• The method may comprise the additional steps of capturing an image of the media item and then creating a binary image from the captured image prior to the step of receiving a binarised image of the media item.
  • The step of capturing an image of the media item may further comprise capturing a transmission image of the media item. A transmission image may be captured using an electro-magnetic radiation transmitter on one side of the media item and an electro-magnetic radiation detector on the opposite side of the media item. In one embodiment, the electro-magnetic radiation used is infra-red radiation.
  • The step of capturing an image of the media item may include using eight bits to record the intensity value for each pixel (giving a range of intensity values from 0 to 255). Alternatively, any convenient number of bits may be used, such as 16 bits, which would provide a range of intensity values between 0 and 65535).
  • The method may comprise the additional step of adjusting spatial dimensions of the received image so that the received image matches spatial dimensions of a reference for that media item. This compensates for any media items that have added portions (such as adhesive tape) or have shrunk or expanded, or the like. Techniques for automatically aligning a captured image with a reference image, and then cropping or adding to the captured image to match the spatial dimensions of the reference image are well known in the art.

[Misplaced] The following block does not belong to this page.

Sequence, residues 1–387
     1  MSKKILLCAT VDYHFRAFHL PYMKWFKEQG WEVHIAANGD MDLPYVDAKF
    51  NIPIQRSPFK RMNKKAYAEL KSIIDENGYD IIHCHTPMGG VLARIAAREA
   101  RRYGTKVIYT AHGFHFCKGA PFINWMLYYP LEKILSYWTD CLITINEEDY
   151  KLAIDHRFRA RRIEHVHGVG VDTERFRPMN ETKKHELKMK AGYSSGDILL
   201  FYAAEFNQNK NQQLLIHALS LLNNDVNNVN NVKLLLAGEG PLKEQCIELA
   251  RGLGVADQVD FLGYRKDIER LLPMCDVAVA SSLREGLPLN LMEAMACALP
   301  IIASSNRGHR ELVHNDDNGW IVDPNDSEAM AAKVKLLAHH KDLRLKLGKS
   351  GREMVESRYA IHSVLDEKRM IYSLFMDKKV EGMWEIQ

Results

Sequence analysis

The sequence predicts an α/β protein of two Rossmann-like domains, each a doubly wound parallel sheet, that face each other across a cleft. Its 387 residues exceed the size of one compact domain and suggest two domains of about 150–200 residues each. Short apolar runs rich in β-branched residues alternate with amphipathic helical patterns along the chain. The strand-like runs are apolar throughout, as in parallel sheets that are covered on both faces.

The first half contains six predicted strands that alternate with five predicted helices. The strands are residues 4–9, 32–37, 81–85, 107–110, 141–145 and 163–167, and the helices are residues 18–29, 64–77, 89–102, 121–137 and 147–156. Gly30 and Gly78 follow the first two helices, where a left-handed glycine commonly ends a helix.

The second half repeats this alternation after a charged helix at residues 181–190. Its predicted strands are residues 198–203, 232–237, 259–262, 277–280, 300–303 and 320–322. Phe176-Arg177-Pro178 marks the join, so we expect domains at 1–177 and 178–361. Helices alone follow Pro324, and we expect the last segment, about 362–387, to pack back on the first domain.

• According to a second aspect there is provided a media validator operable to categorise defects on a media item presented thereto, the media validator comprising:
    • a media item transport for transporting a media item;
    • an image capture device aligned with the media item transport and for capturing a two-dimensional array of pixels corresponding to the media item, each pixel having a pixel intensity relating to a property of the media item at a spatial location on the media item corresponding to that pixel; and
    • a processor programmed to control the media transport and the image capture device, and also programmed to: (a) identify one or more blobs comprising contiguous pixels each having a potential defect intensity; (b) for each identified blob, compare a size of the blob with a damage threshold; (c) ignore the blob if the blob size is smaller than the damage threshold; and (d) for each identified blob having a size not smaller than the damage threshold, categorise the identified blob.